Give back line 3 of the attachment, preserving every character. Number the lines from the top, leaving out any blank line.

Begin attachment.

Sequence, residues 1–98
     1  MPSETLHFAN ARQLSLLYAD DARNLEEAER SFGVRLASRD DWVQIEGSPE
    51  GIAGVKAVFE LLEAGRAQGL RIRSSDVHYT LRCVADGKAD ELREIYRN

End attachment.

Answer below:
    51  GIAGVKAVFE LLEAGRAQGL RIRSSDVHYT LRCVADGKAD ELREIYRN